Color Theory: Best Color Combinations for Photography (and How to Take It Further)

Color Theory: best color combinations for photography (and how to take it further)
Most of us use color in our photography without really thinking about it. As soon as you stop and really consider which shades you use in your shots and how you match colors together in your compositions, though, you’ll see a drastic change in your photos.
In this tutorial we’re going to run through the basics of color theory. We’ll look at how to use a color wheel to mix and match colors perfectly, and then focus on using color in four different ways to create bright, exciting shots in seconds.
You’ll need some bright clothes, but these can be picked up cheaply in charity shops. First we’ll show you how to add one or two touches of a single vibrant color to a mostly neutral subject to create portraits that really make an impact.
From there, we’ll experiment with using complementary colors (ones on opposite sides of the color wheel) together. The third stage is to mix shades of one color for striking effects, and to finish we’ll clash lots of different colors for fun rainbow photos.
We’ll also explain how getting the correct lighting can drastically change how colors are shown. Color can have a huge effect on our moods – used cleverly, it’s a brilliant way to really bring your photography to life.

Color Theory Tip 01 A touch of Color

Color Theory Tip 01 A touch of color
An easy way to experiment with color is by adding a bright pop of one shade to an otherwise neutral composition.
Red is a fail-safe choice, but any warm shade, such as orange and pink, will also work well as a focal point.
Our model’s red lips and scarf stand out against her black coat and the grey walls, drawing the eye in and making the shot come alive.

Color Theory Tip 02 Matching Complementary Colors

Color Theory Tip 02 Matching complementary colors
Once you’ve mastered a single splash of color, try contrasting two shades for a bright, exciting portrait.
The easiest way to pick two shades to use together is by referring to the color wheel – colors that are directly opposite each other, such as orange and blue, or red and green, will usually complement each other well.

Color Theory Tip 03 Shades of a Single Color

Color Theory Tip 03 Shades of a single color
Colors can evoke very strong emotional reactions when we view them.
Red, for example, symbolises passion and danger, while blue has an instantly calming effect.
Play on the viewer’s feelings by creating a shot that uses multiple shades of only one color – our mix of shades of green creates a restful effect.
Pick the Right White Balance
As our two portraits show, different White Balance settings drastically change a shot’s color palette. In our first photo, we’ve used the tungsten setting to tone down our model’s purple dress and impart a cooler mood to our portrait, while in the second we’ve kept the light natural for a warmer effect on the photo’s different shades.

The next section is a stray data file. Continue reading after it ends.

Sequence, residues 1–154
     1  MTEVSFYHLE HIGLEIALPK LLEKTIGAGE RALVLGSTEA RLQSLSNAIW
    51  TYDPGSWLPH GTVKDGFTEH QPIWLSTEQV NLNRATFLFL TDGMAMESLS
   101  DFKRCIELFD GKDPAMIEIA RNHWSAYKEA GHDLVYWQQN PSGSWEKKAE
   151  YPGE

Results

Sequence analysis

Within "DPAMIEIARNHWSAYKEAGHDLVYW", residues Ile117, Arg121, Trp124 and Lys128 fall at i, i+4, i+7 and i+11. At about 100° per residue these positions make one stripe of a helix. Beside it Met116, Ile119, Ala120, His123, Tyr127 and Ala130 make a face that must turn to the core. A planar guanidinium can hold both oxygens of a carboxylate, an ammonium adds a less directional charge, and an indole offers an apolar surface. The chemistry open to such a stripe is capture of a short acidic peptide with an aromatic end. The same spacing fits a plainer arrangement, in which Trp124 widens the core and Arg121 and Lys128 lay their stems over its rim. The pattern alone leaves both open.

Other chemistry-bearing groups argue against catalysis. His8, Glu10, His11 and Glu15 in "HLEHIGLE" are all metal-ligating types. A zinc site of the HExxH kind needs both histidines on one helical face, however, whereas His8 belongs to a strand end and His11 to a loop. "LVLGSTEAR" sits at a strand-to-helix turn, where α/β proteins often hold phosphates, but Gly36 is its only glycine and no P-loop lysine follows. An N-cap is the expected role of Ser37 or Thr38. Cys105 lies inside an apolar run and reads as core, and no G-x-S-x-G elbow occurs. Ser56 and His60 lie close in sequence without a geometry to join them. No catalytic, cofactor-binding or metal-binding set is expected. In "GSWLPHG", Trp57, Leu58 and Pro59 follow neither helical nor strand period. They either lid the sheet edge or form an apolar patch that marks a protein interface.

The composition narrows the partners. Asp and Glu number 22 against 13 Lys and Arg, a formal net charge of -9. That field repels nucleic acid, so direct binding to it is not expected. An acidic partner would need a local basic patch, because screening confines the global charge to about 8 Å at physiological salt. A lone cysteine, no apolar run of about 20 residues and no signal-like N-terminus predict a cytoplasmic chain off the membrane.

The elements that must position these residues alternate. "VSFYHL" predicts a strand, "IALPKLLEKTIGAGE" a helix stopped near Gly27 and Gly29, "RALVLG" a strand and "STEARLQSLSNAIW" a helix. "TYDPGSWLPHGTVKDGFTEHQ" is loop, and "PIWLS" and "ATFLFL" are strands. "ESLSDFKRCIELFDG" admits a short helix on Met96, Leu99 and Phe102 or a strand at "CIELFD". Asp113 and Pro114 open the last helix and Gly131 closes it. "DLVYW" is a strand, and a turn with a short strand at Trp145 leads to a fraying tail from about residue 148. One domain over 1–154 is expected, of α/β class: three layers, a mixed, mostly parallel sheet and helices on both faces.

Color Theory Tip 04 Color Clash

Color Theory Tip 04 Color clash
With any principle of ‘good’ photography, you sometimes need to break the rules, and color theory is no exception.
Mix and match colors and see what effects you like – the more you experiment, the more you’ll realise what looks good and what just looks garish.
In this portrait, the blue walls, green dress, purple shawl and yellow flowers shouldn’t work together, but by clashing them in soft light we’ve created a discordant but attractive rainbow effect.

Color Theory Tip 05 Taking It Further – How Lighting Affects Color

Getting color to work isn’t just about picking the right shades; lighting is also crucial.
Colors photographed under harsh sunlight will look very different to the same hues in soft indoor light, and the positioning of your light source is key to how colors are perceived, as our three shots demonstrate.
In each position to the light the colors in our model’s scarf look very different.
While front lighting shows colors accurately, back lighting mutes them into pastel shades and side lighting creates different contrasts. We took these in natural light, but the same principles apply to artificial lighting setups too.
Color Theory Tip 05 Taking it further: front lighting
Frontal Lighting
Keeping the sun or other main light source directly behind you will show colors as we perceive them in real life, with all the tones uniformly and brightly lit, as we can see in this shot of our model’s rainbow scarf.
Color Theory Tip 05 Taking it further: back lighting
Back Lighting
Back lighting, when you shoot into the sun, shows more muted versions of the colors in shot. In this photo, the soft, reflected light created a harmonious, romantic feel and the scarf’s colors are more subtle and toned down.
Color Theory Tip 05 Taking it further: side lighting
Side Lighting
Side lighting your shot will create strong shadows on your subject and areas of contrast in the color palette. In our photo, the parts of the scarf that are in direct light show bright, color, while areas in shadow are darker.